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J R Soc Interface. 2014 Nov 6;11(100):20140679. doi: 10.1098/rsif.2014.0679.

Mesoscale fronts as foraging habitats: composite front mapping reveals oceanographic drivers of habitat use for a pelagic seabird.

Author information

1
Plymouth Marine Laboratory, Prospect Place, Plymouth PL1 3DH, UK kysc@pml.ac.uk.
2
Plymouth Marine Laboratory, Prospect Place, Plymouth PL1 3DH, UK.
3
Marine Biology and Ecology Research Centre, Plymouth University, Plymouth PL4 8AA, UK.
4
Institute of Biological and Environmental Sciences, University of Aberdeen, Aberdeen AB24 2TZ, UK.
5
Environment and Sustainability Institute, University of Exeter, Penryn TR10 9EZ, UK s.c.votier@exeter.ac.uk.

Abstract

The oceanographic drivers of marine vertebrate habitat use are poorly understood yet fundamental to our knowledge of marine ecosystem functioning. Here, we use composite front mapping and high-resolution GPS tracking to determine the significance of mesoscale oceanographic fronts as physical drivers of foraging habitat selection in northern gannets Morus bassanus. We tracked 66 breeding gannets from a Celtic Sea colony over 2 years and used residence time to identify area-restricted search (ARS) behaviour. Composite front maps identified thermal and chlorophyll-a mesoscale fronts at two different temporal scales-(i) contemporaneous fronts and (ii) seasonally persistent frontal zones. Using generalized additive models (GAMs), with generalized estimating equations (GEE-GAMs) to account for serial autocorrelation in tracking data, we found that gannets do not adjust their behaviour in response to contemporaneous fronts. However, ARS was more likely to occur within spatially predictable, seasonally persistent frontal zones (GAMs). Our results provide proof of concept that composite front mapping is a useful tool for studying the influence of oceanographic features on animal movements. Moreover, we highlight that frontal persistence is a crucial element of the formation of pelagic foraging hotspots for mobile marine vertebrates.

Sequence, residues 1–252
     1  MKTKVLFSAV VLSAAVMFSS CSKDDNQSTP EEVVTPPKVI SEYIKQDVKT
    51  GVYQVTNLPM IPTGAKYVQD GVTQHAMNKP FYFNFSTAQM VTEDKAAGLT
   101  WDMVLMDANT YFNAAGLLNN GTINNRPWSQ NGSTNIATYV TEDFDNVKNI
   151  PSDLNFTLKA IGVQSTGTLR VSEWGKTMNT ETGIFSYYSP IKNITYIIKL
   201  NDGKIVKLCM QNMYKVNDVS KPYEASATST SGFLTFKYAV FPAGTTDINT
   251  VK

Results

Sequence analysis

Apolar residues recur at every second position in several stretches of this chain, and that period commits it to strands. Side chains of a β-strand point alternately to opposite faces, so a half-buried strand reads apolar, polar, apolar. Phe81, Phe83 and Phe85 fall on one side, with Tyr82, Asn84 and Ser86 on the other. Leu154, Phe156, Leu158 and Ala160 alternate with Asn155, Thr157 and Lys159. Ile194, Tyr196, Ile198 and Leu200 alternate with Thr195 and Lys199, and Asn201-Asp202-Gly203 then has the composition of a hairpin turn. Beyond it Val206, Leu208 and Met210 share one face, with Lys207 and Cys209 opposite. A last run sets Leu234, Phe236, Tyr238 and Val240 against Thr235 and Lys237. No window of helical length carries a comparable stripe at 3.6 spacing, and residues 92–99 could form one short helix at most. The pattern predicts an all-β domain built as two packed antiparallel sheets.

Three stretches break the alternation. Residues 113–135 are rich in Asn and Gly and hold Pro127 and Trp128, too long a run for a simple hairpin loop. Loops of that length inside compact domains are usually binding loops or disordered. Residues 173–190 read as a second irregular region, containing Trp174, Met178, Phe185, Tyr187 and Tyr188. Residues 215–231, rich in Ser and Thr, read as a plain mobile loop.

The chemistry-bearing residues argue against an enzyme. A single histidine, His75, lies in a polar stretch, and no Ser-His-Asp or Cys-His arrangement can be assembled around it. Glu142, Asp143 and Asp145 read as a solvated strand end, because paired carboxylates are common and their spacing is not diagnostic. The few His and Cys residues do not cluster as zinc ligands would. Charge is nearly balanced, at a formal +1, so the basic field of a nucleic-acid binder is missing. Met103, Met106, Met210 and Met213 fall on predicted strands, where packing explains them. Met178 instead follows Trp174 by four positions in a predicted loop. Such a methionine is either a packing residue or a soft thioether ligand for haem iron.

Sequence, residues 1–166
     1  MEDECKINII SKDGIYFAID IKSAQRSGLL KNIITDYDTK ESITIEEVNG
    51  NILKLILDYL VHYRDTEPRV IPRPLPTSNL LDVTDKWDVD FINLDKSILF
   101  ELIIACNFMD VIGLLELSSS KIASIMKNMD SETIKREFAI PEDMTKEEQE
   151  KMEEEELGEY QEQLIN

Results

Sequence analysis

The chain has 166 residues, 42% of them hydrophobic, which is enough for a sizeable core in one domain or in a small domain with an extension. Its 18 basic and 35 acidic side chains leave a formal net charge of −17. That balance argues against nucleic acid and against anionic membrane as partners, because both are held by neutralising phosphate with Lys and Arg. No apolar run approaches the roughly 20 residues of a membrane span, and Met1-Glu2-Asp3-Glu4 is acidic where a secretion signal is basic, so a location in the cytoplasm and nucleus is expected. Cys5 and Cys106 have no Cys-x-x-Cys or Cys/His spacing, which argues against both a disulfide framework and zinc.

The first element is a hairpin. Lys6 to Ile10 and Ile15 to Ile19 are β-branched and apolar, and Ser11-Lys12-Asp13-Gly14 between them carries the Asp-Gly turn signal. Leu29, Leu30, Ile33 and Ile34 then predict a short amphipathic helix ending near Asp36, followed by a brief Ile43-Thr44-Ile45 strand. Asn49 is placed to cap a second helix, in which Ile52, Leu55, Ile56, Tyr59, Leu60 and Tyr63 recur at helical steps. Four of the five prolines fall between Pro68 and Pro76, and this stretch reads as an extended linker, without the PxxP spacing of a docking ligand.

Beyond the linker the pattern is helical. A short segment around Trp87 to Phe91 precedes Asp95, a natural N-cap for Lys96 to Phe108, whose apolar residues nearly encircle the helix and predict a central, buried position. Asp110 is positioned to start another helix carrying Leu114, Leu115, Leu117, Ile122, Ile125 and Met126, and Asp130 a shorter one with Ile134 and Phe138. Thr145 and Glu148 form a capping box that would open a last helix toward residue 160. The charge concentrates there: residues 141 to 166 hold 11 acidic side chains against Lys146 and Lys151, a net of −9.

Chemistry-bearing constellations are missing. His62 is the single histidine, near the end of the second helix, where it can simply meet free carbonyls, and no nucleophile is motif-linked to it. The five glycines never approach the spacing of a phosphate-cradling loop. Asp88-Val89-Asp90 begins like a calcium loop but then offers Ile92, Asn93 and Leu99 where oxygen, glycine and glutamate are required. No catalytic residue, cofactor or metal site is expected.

KEYWORDS:

foraging; habitat use; marine vertebrate; oceanographic front; remote sensing; seabird

PMID:
25165595
PMCID:
PMC4191095
DOI:
10.1098/rsif.2014.0679
[Indexed for MEDLINE]
Free PMC Article

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